(Photo: VALERIE MACON/AFP/Getty Images)

The current Harvey Weinstein scandal in Hollywood—and the wider conversation erupting around it, which is seeing more and more women throughout the industry come forward with stories of sexual abuse and harassment—has understandably produced a lot of very different reactions from the celebrity set. These have varied drastically in tone and, frankly, quality, from Kevin Smith pledging to give all of his Weinstein-based residuals to a feminist charity, to Woody Allen basically saying, “Sure, that’s bad, but let’s not go starting a ‘witch hunt,’ yeah?”

One of the more polarizing reactions over the last week was written by Blossom and Big Bang Theory star Mayim Bialik, who published a New York Times piece last Friday titled “Being A Feminist In Harvey Weinstein’s World.” Discussing Bialik’s own experiences as a young actress, wrestling with feelings of inadequacy toward her more conventionally attractive peers, the piece came under fire for passages that sounded like potential victim-blaming:

And yet I have also experienced the upside of not being a “perfect ten.” As a proud feminist with little desire to diet, get plastic surgery or hire a personal trainer, I have almost no personal experience with men asking me to meetings in their hotel rooms. Those of us in Hollywood who don’t represent an impossible standard of beauty have the “luxury” of being overlooked and, in many cases, ignored by men in power unless we can make them money.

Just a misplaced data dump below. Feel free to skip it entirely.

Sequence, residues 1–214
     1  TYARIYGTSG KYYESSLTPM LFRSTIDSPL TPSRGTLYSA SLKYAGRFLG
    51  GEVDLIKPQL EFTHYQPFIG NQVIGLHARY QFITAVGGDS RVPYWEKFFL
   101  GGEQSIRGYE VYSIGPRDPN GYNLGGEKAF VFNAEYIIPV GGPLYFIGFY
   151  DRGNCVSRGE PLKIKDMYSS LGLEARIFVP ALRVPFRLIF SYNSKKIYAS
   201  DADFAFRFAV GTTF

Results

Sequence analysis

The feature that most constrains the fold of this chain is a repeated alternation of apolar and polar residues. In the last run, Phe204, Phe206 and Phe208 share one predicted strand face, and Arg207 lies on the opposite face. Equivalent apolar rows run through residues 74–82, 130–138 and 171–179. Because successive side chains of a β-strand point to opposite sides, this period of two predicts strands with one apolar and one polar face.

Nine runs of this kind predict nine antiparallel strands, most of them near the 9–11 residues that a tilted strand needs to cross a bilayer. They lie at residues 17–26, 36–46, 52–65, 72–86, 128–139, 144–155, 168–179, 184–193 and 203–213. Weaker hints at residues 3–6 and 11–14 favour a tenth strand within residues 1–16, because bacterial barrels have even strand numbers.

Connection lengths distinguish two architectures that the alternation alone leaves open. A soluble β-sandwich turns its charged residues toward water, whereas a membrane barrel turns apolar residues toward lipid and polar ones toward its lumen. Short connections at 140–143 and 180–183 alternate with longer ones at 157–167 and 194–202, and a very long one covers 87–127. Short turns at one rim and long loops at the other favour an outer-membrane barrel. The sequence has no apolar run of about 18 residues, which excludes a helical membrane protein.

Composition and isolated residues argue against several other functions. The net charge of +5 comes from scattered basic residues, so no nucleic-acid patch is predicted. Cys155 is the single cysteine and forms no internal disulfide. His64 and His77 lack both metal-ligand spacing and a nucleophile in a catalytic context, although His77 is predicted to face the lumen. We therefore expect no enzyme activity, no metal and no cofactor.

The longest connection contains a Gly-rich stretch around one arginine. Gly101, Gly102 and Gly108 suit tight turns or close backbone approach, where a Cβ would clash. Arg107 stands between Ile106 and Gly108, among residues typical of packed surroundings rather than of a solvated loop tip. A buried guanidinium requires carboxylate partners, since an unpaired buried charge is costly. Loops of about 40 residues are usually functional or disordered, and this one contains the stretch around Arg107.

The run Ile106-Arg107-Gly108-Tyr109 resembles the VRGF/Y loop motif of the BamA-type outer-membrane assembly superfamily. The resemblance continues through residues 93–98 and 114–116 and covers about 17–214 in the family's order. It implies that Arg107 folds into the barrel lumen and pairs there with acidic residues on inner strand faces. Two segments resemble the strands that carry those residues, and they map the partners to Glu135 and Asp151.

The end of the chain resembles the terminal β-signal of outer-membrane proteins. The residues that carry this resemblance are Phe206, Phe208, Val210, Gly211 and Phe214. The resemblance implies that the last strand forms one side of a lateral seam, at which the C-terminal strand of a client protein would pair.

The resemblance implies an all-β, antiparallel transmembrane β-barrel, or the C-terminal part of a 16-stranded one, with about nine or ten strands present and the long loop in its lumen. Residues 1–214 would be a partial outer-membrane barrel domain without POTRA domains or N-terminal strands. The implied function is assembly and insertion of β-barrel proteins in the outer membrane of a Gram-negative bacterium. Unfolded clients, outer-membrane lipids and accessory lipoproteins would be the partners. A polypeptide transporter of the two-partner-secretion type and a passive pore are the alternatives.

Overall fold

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Or:

If you are beautiful and sexy, terrific. But having others celebrate your physical beauty is not the way to lead a meaningful life.

And if — like me — you’re not a perfect 10, know that there are people out there who will find you stunning, irresistible and worthy of attention, respect and love. The best part is you don’t have to go to a hotel room or a casting couch to find them.

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Bialik initially addressed the criticisms on Sunday, writing that she felt like her words were being taken out of context and twisted:

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Earlier this afternoon, though, she issued an apology for the op-ed, stating bluntly, “You are never responsible for being assaulted…I am truly sorry for causing so much pain, and I hope you can all forgive me.”

Regardless of your thoughts on Bialik’s original piece, her latest statement is, at least, undeniably a better, more sincere apology than any we’ve seen from any of the actual men who’ve been accused of harassment and assault in recent weeks.

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